Open Forum: Gun rights, or ‘tranquility’?
Posted: February 15, 2013
The current national debate on gun control has invoked and revealed a colossal divergence and expansive range of emotions, passions, motivations, justifications, consequences, etc., along with horrific grief, sadness, sorrow, and anguish, all incited by the escalating incidents of gun-related violence and high-profile mass shootings.
According to Mother Jones magazine, since 1982, there have been 62 mass shootings across the country, of which 25 have occurred since 2006 with the 12 deadliest occurring since 2007, and 2012 by far the worst year of such tragic events with seven instances of mass-gun violence and 151 victims injured or killed, more than a quarter children and teenagers.
There has been escalating outcry and demand for actions to reduce such gun-related tragedies, especially following the Columbine, Virginia Tech, and Aurora disasters, but it was the most recent carnage in Newtown, Conn., where 20 young children were among 26 persons shot and killed, that has elevated the demand for sensible and life-saving measures to reduce gun violence.
A Feb. 4 Washington Post-ABC News poll showed that most Americans support tough new measures to counter violence, including banning assault weapons — with 52 percent saying the shooting at Newtown has made them more supportive of gun control, along with mandatory background checks for all firearm purchases.
And there are some positive movements that lend hope to this new momentum for making America safer by restricting the availability of the types of weapons most commonly used in mass killings. On Jan. 15, New York Gov. Andrew Cuomo signed one of the nation’s toughest gun-control measures. This success was highlighted shortly afterward by a One Million Moms for Gun Control Rally in New York City calling on Congress to follow New York’s lead and enact tough gun-control legislation.
Maryland, Delaware, and Connecticut are among states pressing for legislation to tighten bans on assault weapons and high-capacity magazines. Also, the U.S. Senate Judiciary Committee has scheduled hearings on gun violence, with committee chair, Patrick Leahy, stating, “This is an important conversation for children, for our community, for Democrats and Republicans . . .Violence is a big problem. Too many children are dying. We must do something.”
Then there is strong support for and specific initiatives underway by President Obama and Vice President Biden to increase pressure on Congress to pass legislation to help provide a reasonable solution to this national dilemma.
But the road ahead for those demanding gun-control measures by Congress will be steep and perilous, inundated with intractable obstacles and supercilious intransigence. Simply put, a daunting challenge awaits the valiant.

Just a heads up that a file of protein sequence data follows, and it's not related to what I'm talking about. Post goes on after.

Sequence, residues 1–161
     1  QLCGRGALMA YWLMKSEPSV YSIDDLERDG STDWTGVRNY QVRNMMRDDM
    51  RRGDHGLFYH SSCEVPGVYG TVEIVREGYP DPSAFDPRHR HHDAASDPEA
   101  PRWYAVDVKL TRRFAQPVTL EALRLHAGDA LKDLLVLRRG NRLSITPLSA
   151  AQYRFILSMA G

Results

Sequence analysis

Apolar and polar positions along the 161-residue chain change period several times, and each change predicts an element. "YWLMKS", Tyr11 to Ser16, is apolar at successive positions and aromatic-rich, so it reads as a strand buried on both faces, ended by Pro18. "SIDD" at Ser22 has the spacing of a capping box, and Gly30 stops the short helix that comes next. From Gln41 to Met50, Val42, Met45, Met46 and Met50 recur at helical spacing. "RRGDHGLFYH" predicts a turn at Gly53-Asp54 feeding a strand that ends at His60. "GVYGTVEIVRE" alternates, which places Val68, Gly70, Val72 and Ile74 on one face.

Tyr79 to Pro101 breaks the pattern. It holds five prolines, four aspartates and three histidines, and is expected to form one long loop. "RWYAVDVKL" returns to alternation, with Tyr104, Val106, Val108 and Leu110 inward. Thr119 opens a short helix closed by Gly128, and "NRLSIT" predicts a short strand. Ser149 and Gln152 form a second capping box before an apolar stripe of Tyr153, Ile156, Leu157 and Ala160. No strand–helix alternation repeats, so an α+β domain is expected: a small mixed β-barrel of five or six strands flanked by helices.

For starters, there continues to be substantial opposition among a broad-based segment of Americans, including members of Congress, and an array of influential private and public officials and politicians who are strong supporters of Second Amendment rights, which clearly complicates any and every effort toward a compromise on gun control.
But a far more formidable hurdle for supporters of tighter gun-control measures will be the insidious and recalcitrant forces of one of the most powerful lobbying organizations ever, the National Rifle Organization, which has successfully opposed or defeated every gun-related legislative effort since expiration of the federal assault weapons ban in 2004.
The NRA’s predominant strategy in recent years has been to turn gun ownership into an absolute unbridgeable right, while rejecting any restrictions even on the most lethal military-designed assault weapons, or any expansion of background checks and gun registration requirements — largely based on fallacious characterizations and use of fear tactics to portray any effort to reduce gun violence as the government’s attempt to take away gun-owners’ right to own guns.
According to a Dec. 17, 2012, New York Times editorial, experts from the Harvard School of Public Health, using data from 26 developed countries, concluded that wherever there are more firearms, there are more homicides — and in case of the United States, exponentially more, with the U.S. murder rate being roughly 15 times that of other wealthy countries with tougher laws controlling private ownership of guns.
It further notes that other nations suffering similar rampages have reacted quickly to impose stricter gun laws, citing Australia, Scotland, and Japan among countries that have substantially reduced gun violence. Of the countries surveyed, only two considered civilian ownership of a firearm a basic right: the U.S. and Yemen.
Yet, the NRA and its allies continue to oppose any attempt to enact reasonable legislation to help reduce gun violence in America, which resulted in 31,328 deaths in 2010, according to Bloomberg.
So, is infringement on Second Amendment rights the paramount concern of Americans, or is it the constitutional assurance of “protecting the public welfare and insuring domestic tranquility”?
Guss L. Morrison is a resident of Frederick County.